- Historic Sites
Goodbye To The Interurban
OR IS IT HELLO AGAIN?
April 1966 | Volume 17, Issue 3
Widely advertised as “the Greatest Mountain Trolley Trip in the World,” the Mount Lowe line operated for over forty years, but troubles plagued it from the start. Fire destroyed Echo Mountain House in 1900, and in 1905 a windstorm toppled the Chalet and started a fire that destroyed every building on Echo Mountain but the observatory. A landslide smashed Rubio Hotel to the canyon floor in 1909, and in 1936 a fire wiped out the last hotel. Two years later a cloudburst destroyed most of the railway itself.
A number of midwestern interurbans constructed baseball parks to stimulate traffic, and several Ohio lines organized leagues among communities along their lines. The Cleveland & Southwestern Baseball Trolley League included six towns reached by the interurban; the railway donated a silver cup to the winning team, assisted in advertising the games, and offered free rides to the players. One of the line’s officials acted as president of the league.
Various kinds of “theatre specials” were always popular on the interurbans. During the twenties the Chicago, North Shore & Milwaukee operated Grand Opera Specials during the opera season and served a light supper on the return trip. As recently as the mid-fifties it still operated special excursion trains to the Chicago Symphony Orchestra’s concerts at Ravinia Park, north of Evanston. Nowadays, one inches home hungry through the traffic.
Special trains were often operated for company picnics, lodge outings, and similar excursions of the celluloid-collar set, and almost every interurban line of any consequence maintained one or more ornate parlor cars for charter service. As an early text on the operation of electric railways observed, “The chartered car appeals to the feelings of exclusiveness, sense of ownership and comfort beloved of most humans.”
Travel over really great distances never amounted to much, but some rather lengthy interurban trips were possible. One could ride from Shawmut, a little town just north of Waterville, Maine, along a series of connecting lines to New York City and then, after crossing the Hudson River by ferry, continue on as far south as Delaware City, Delaware, or as far west as Newville, Pennsylvania. A 1903 article in World’s Work , which praised the benefits of the “trolley vacation,” outlined a trip from Boston to New York that required two days of “hard and steady electric travel” and cost $3.28 in fares. Trolley travel between the two cities became a little less arduous and expensive a few years later when the Old Colony Street Railway Company joined in an overnight trolley-steamer service. Travellers boarded the cars at Post Office Square in Boston for the trip to Fall River, where they transferred to steamers for the overnight run to New York. The cost of that entire trip, a comfortable one, was only $1.75. (Present cost, by railroad, one way, is $11.58; by air, $16, not counting travel to airports; in turnpike tolls alone, $3.30.)
In 1915 the Interurban Trolley Guide outlined for the “enthusiastic trolley tourist” a Chicago-to-New York trip which could then be made entirely on interurban lines with the exception of two short stretches in New York State, where it was necessary to use steam trains. The journey took anywhere from thirty-one to forty-five hours, depending on connections, cost about twenty-one dollars, and covered twenty-five different electric railways. Needless to say, the arrangement never caused undue concern on the part of competing steam-railway officials.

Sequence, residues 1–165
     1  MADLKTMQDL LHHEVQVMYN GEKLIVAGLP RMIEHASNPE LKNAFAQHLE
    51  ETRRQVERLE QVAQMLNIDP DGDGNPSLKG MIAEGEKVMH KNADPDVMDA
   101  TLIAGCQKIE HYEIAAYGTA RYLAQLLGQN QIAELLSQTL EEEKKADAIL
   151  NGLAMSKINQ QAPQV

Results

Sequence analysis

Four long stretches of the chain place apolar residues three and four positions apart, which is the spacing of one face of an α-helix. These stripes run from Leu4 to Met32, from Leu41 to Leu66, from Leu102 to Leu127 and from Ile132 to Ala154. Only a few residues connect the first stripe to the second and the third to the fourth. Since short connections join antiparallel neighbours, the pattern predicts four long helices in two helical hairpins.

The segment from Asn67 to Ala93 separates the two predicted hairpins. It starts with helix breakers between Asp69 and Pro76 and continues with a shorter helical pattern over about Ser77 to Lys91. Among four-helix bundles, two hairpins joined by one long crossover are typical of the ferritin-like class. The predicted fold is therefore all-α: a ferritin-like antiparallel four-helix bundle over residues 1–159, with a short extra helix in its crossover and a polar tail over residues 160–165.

One of the first efforts by the trolley people to invade the steam roads’ long-haul, luxury market came in 1905, when three electric lines joined in the operation of the deluxe Interstate Limited between Indianapolis and Dayton. The special cars were luxuriously appointed, and a buffet between the two usual compartments—the smoker and the “ladies’ parlor”- served light meals from a menu said to be every bit the equal of those on Pullman buffet cars.
Sleeping-car service was soon afterward commenced by the Illinois Traction lines, on the 172-mile main line from St. Louis to Peoria. In a time before airconditioning, cinder-free sleepers had distinct advantages over steam-railroad Pullmans. Illinois Traction’s berths were fully six inches longer, and its cars were twenty years ahead of Pullman’s in providing windows for upper-berth passengers. Every berth had a plushlined safe-deposit box, and porters served free coffee and rolls in the morning. Only two other lines ever followed Illinois Traction’s lead.
Speed was always a matter of concern with electricrailway men. Even though many interurban cars were capable of whisking along at well over sixty miles per hour, over-all running times were anything but rapid during the early years, for tracks were rarely up to it and almost every line had to pass through the streets of cities and towns. As late as 1906 three Ohio interurbans were claiming the “fastest electric service in the world,” but even their “limiteds” averaged only about thirty-two miles per hour. In local service, they could easily outpace their steam competitors, but when the interurbans made their bid for the long-haul trade, they were at first at a disadvantage.
Many lines stood by conventional car designs, and produced big, powerful steel cars capable of very high speeds. On his three Chicago interurbans, the midwestern utilities magnate Samuel Insull not only introduced handsome new steel cars but spent millions reconstructing and relocating tracks. “Did you ever travel 80 miles an hour?” challenged North Shore Line ads, and all the Insull interurbans enjoyed their most profitable years during the 1920’s.